you know of a vulnerability in SSH. How would you exploit a vulnerabile
function in the SSH server?

--
Michael Rash
http://www.cipherdyne.org/
Key fingerprint = 53EA 13EA 472E 3771 894F AC69 95D8 5D6B A742 839F

> I will get back when I have had a chance to trial it fully.
>
> Regards,
> Dr Craig Wright (GSE-Compliance)
>
> ________________________________________
> From: Michael Rash [mbr (at) cipherdyne (dot) org [email concealed]]
> Sent: Sunday, 6 January 2008 3:12 PM
> To: Craig Wright
> Cc: Goldstein101; Robert Inder; Ansgar -59cobalt- Wiechers; security-basics (at) securityfocus (dot) com [email concealed]; dave (at) davekleiman (dot) com [email concealed]
> Subject: Re: Port-Knocking vulnerabilities?
>
> On Jan 01, 2008, Craig Wright wrote:
>
> > First, you have mentioned SPA, and true this offers more then port knocking, you have also mixed port knocking and SPA up in a couple of your comments.
> >
> > Now you make the comment that SPA can "encrypt" and store in the IP ID. IP ID is a 16 bit flag. That is there are a max of 65535 values. Even with 4 IP packets it is functionally equivilant to a 3 character password. Given a standard ADSL line and 68 byte packets I can send all combinations in just under 7.5 seconds (and this is not doing any analysis on the IPID).
> >
> > That is SPA and not port knocking. That is the MORE secure of the two options.
>
> Agreed.
>
> > Yes this way will make a log entry, but are you sitting at the server 24x7 and monitoring ALL scans. Will you stop me in less then 8 seconds?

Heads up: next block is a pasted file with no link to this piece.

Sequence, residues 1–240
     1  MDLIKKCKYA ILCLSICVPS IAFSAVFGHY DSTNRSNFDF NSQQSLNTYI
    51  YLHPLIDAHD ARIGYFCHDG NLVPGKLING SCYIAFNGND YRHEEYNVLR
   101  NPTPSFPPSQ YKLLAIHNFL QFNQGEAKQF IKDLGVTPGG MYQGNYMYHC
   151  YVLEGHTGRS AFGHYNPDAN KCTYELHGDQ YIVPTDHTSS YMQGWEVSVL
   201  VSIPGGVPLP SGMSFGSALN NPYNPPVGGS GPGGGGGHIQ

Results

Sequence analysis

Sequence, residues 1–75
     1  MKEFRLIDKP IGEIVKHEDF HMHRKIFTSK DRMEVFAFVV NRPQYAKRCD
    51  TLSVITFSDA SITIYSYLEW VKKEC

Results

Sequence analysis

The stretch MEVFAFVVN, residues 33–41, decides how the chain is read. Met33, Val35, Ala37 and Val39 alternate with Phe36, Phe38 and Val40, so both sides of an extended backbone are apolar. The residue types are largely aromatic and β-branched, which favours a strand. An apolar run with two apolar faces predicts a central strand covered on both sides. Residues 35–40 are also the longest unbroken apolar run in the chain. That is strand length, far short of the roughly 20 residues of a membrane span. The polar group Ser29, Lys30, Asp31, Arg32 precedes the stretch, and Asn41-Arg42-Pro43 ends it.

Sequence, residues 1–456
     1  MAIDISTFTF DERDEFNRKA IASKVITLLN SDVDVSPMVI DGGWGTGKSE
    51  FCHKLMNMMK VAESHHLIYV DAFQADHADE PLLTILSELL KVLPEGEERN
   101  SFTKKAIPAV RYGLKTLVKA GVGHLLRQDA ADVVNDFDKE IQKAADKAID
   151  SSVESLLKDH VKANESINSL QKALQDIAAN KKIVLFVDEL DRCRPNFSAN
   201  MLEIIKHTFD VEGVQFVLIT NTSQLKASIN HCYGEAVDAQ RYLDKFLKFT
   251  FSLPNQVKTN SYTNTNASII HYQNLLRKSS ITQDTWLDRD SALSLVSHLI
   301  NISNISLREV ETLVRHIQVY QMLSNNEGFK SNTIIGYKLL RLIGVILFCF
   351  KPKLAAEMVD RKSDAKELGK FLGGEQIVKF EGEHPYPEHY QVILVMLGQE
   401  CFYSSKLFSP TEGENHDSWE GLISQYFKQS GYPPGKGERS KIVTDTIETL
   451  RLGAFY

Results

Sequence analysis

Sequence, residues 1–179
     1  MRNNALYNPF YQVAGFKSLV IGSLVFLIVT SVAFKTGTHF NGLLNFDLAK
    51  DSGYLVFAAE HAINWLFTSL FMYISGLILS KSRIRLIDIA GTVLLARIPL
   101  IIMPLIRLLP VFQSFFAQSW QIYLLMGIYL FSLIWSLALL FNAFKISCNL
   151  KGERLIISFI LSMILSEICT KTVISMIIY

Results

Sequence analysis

> >
> > When did people consider a 3 character password safe?
>
> That is why any implementation of SPA that just uses network or
> transport layer headers to communicate information instead of
> application layer data is inherently deficient and not worthy of the
> SPA designation IMHO (even though technically, yes, it is just a single
> packet).
>
> In addition to the small key space that just using the 16 bit IP ID field
> limits any such implementation to, there are additional limitations
> including*:
>
> - Such "SPA" packets are replayable against the target (unless some horrid
> S/KEY style iteration of a hash function is used or someone manually
> changes around the key for each SPA packet). If the application layer
> were used (such as in fwknop: http://www.cipherdyne.org/fwknop) the
> replay problem is trivially solved by prepending every SPA packet with
> 16 bytes of random data before it is encrypted. This is possible
> because of the relatively large amount of data that can be transfered
> within the application layer payload of a single UDP packet.
>
> - It is difficult to protect against MITM attacks because the source IP
> itself in the actual network layer header is allowed through the
> firewall policy on the server side. Fwknop allows the source IP to be